Taliban launches brazen attack on strategic Afghan city of Ghazni

U.S. Central Command commander Gen. Jospeh Votel testifies at the Senate Committee on Armed Services on Capitol Hill in Washington

U.S. Central Command commander Gen. Jospeh Votel testifies at the Senate Committee on Armed Services on Capitol Hill in Washington

All shops in the city were closed due to the fighting.

Taliban spokesman Zabiullah Mujahid said in a statement hundreds of fighters captured several strategic sites within the city and killed more than 140 Afghan soldiers.

The attack around 80 miles south of Kabul was the militants' second all-out assault on a provincial capital this year and was one of their most audacious operations to date.

Lt. Col. Martin O'Donnell, a spokesman for US forces in Afghanistan, said that the insurgents had attacked "multiple government centers" in Ghazni, a populous city about 100 miles south of Kabul on a major national highway, but that they were driven back.

The US said that the city remained under government control.

Still, the Afghan forces were engaged in house-to house battles in some residential areas to root out the remnants of the Taliban's attack force.

More than 1,000 Taliban fighters struck at night, shelling homes and destroying police checkpoints.

Ghazni police chief General Farid Ahmad Mashal said the Taliban seized several parts of the city, which has been under threat for months, with local officials warning that heavy fighting in surrounding districts showed the city was increasingly vulnerable.

Friday morning's assault on Ghazni was the latest in a string of attempts by the Taliban to overrun urban centers since the Afghan government called off a unilateral ceasefire with the militant group that was in place for Eid al-Fitr, the holiday marking the end of Islam's holy month of Rmadan.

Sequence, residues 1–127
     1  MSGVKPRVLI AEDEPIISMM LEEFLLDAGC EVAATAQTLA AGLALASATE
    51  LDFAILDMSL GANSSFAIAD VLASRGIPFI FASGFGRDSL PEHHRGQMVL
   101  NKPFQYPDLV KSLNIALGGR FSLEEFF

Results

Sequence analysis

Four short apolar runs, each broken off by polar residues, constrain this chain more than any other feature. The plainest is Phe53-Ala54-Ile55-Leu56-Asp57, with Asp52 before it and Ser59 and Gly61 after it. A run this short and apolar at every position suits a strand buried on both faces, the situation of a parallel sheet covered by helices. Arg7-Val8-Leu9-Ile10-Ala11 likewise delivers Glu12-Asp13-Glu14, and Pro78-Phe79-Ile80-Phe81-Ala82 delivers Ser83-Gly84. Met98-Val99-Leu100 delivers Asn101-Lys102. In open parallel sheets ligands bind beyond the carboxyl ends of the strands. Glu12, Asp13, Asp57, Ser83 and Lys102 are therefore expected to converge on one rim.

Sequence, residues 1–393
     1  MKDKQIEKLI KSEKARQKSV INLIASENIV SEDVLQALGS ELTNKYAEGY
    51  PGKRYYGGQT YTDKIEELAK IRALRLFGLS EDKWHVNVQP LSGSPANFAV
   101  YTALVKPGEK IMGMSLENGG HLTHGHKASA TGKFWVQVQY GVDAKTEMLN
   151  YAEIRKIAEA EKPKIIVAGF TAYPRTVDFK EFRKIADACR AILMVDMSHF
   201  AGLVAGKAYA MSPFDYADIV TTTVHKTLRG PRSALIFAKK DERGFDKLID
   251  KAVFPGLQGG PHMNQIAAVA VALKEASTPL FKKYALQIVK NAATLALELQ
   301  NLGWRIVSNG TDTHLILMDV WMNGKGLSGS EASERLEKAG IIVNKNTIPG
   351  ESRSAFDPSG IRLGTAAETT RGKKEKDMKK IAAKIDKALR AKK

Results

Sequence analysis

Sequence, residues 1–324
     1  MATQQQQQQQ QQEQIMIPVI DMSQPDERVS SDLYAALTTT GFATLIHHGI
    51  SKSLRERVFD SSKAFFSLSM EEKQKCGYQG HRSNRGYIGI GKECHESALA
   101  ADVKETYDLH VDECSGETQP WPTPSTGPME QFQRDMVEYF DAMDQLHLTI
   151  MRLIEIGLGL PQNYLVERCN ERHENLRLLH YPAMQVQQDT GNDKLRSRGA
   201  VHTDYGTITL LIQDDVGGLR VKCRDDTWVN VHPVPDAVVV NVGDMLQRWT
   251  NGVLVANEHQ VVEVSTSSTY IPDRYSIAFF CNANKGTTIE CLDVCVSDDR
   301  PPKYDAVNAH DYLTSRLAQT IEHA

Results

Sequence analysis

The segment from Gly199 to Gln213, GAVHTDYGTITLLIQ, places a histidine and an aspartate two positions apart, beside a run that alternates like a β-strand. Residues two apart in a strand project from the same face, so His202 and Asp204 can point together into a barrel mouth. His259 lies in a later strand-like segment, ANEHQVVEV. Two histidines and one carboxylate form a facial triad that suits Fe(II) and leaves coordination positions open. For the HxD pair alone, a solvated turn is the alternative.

The insurgents frequently exaggerate their battlefield gains and downplay losses incurred during fighting. "Our defense and security forces are in full control of the city", Rahimi said.

A spokesperson said the attack was "another failed Taliban attempt to seize terrain, which will result in yet another eye-catching, but strategically inconsequential headline".

The Western-backed government in Kabul has been struggling to fend off the Taliban and other militant groups since the withdrawal of most North Atlantic Treaty Organisation troops in 2014.

Elsewhere in Afghanistan, a Taliban attack Thursday night in western Herat province left six policemen dead in the district of Obe, said the governor's spokesman there, Gelani Farhad.

The Taliban are fighting the Western-backed government to restore their version of sharia, or Islamic law, after they were driven out by USA -led forces in 2001.

Andrew Wilder, vice president of Asia programs at the U.S. Institute of Peace, said the attack by the insurgents was "a well-timed effort to demonstrate their military power to strengthen their negotiating position prior to another cease-fire and in the event of peace talks".

The Taliban has long insisted on direct talks with the United States.

On August 6, the Financial Times reported that Chinese officials had reportedly met the Afghan Taliban several times in the past year.

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